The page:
Posts Tagged ‘value’

Increase Customer Retention in an Economy Defined by Customer Attrition

October 22, 2012 |  by  |  Strategic Brand Management  |  No Comments

Perhaps it simply goes without saying that improving customer retention is critical to succeeding in an economy where customers are always looking for the cheapest available option. Unfortunately, it’s a sign of the times. Companies need to save money and sometimes the simplest solution is to award business to the lowest competitive bid. Customer attrition is commonplace in today’s markets, one marked by increased competition, lower demand for finished goods, fewer opportunities and even fewer customers to sell to. Your company doesn’t just need to retain more customers because it’s good for business; you need to retain more customers in order to stay in business.

So, what does it take to improve customer retention in this economy? What must your enterprise focus on so you can position it as the incumbent supplier? First, it’s important to understand that customers need to have a reason to stay with your business. Second, appealing to the lowest common denominator is no guarantee of success. Lowering prices to win business may work once or twice, but eventually you’ll lead your enterprise down the path of engaging in a never-ending price war, one where nobody wins and your company erodes its own gross profit margins. Third, your customers are looking for more than just a vendor. They are looking for a solutions provider, one who will distinguish their offering by bringing more to the table than its competition. Therefore, our plan to increase customer retention will focus on these three aforementioned critical areas. We’ll build customer loyalty, defend price and help your enterprise become a solutions provider.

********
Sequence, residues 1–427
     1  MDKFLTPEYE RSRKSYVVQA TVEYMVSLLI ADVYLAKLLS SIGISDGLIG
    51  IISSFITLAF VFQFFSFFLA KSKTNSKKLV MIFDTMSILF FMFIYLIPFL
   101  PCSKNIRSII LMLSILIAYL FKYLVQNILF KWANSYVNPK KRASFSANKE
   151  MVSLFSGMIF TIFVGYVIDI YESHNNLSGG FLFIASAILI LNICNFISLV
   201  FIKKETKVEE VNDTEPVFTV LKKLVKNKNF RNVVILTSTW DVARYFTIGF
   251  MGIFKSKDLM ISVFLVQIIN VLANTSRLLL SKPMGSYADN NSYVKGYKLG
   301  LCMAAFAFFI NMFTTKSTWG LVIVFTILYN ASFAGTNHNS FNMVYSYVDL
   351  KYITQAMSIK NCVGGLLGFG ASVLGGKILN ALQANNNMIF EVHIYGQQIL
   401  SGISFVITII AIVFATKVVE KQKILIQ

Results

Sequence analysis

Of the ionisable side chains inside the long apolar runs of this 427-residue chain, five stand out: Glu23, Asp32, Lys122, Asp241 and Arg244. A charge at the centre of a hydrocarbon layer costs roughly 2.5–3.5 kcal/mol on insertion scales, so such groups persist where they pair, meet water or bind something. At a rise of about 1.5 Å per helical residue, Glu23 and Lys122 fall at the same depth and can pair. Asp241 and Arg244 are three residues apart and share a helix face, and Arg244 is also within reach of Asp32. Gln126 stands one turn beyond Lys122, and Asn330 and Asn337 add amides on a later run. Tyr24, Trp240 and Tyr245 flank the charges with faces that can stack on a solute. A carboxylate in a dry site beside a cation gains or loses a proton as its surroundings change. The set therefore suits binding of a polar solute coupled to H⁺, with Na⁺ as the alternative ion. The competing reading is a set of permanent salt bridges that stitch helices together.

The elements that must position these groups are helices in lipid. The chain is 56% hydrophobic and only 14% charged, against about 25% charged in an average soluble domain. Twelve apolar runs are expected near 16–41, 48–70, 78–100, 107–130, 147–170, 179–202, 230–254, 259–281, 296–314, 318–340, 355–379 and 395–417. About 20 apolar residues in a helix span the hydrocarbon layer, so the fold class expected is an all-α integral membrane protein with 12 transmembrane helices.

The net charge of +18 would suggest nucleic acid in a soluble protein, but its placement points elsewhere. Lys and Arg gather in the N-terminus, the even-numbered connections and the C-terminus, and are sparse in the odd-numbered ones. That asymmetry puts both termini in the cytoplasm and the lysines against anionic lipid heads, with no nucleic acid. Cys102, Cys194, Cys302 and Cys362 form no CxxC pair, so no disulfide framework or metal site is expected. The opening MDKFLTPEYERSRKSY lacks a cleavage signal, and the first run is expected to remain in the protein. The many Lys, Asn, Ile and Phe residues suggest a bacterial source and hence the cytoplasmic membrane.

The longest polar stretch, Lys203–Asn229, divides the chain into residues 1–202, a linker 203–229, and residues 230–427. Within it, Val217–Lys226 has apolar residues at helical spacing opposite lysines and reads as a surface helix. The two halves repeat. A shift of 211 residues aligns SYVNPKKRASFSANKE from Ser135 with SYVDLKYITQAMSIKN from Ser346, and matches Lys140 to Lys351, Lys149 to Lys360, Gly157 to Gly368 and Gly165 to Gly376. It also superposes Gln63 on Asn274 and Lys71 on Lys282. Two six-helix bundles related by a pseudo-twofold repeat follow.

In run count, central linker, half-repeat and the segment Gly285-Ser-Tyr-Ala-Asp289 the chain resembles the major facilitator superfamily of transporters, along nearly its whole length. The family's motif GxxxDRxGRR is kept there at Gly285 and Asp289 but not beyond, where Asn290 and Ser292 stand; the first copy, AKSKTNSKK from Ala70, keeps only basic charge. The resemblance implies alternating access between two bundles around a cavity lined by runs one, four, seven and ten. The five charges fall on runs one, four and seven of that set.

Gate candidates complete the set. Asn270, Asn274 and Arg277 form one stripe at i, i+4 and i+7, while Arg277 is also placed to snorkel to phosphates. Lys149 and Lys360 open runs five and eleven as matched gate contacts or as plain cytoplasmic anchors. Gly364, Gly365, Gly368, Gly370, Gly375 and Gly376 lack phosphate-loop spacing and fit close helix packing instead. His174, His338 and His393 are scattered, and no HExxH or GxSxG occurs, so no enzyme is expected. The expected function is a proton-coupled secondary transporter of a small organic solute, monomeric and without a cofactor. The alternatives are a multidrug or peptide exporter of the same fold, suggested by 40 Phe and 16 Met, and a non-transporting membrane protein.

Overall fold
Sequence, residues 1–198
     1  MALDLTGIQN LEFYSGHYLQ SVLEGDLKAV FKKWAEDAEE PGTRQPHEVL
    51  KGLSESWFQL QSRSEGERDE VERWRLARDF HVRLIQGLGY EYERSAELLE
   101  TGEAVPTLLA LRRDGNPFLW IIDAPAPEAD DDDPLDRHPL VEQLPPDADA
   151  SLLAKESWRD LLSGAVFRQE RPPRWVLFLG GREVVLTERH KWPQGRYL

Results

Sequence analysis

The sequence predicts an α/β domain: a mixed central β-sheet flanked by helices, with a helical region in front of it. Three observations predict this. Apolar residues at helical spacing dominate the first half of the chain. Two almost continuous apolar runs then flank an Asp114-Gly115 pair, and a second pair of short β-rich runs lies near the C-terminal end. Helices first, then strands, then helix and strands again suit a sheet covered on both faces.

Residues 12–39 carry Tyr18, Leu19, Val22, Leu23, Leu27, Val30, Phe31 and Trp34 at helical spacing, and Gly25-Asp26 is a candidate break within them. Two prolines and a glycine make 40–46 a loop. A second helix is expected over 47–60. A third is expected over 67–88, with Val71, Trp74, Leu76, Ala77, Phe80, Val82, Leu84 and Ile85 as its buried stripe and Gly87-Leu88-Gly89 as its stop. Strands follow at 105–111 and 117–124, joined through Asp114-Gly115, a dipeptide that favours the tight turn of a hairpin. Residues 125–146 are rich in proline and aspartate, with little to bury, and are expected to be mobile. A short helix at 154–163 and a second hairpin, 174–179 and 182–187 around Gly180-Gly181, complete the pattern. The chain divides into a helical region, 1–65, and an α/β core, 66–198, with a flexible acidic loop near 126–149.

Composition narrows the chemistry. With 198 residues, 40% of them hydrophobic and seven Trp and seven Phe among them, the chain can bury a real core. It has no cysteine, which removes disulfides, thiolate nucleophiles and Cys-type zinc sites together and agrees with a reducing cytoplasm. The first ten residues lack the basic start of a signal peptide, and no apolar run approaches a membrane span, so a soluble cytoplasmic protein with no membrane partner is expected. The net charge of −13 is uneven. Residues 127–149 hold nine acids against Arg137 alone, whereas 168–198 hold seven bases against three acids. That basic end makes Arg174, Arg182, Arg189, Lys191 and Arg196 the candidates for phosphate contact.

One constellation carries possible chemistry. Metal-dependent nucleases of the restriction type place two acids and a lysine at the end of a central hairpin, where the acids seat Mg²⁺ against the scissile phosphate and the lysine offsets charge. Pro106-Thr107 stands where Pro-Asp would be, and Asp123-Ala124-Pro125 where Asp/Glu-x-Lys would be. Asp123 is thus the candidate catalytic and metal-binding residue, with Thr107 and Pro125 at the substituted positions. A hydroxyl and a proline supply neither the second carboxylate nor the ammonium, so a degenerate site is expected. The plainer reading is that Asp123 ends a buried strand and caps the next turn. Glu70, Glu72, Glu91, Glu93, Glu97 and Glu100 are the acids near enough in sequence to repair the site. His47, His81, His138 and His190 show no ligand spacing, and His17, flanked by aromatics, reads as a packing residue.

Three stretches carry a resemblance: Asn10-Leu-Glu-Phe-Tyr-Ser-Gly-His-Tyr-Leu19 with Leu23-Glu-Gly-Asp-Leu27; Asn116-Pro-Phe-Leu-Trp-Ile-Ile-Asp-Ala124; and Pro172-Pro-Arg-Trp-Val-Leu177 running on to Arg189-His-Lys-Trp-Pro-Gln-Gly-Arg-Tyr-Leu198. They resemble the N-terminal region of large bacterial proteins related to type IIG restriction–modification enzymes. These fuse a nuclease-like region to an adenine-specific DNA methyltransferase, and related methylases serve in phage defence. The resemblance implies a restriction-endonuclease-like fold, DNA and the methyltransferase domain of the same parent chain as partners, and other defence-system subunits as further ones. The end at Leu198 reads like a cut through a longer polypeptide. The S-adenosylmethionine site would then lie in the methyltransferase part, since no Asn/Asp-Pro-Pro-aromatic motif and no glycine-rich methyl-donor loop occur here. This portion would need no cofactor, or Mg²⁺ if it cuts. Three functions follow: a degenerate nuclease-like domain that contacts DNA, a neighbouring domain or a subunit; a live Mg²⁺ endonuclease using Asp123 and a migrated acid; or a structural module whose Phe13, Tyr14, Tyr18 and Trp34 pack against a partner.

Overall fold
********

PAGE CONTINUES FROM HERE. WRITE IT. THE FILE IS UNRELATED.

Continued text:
1. Build Loyalty: Focus on increasing customer loyalty. Give your customers a reason to see your company as their only option. Give them a proposition that clearly distinguishes your company’s value.

2. Defend Price: Ignore the temptation to immediately drop pricing without having a solid reason to. Ultimately, the decision to drop prices should come from a position of power and our plan will help you secure that position with your customer base.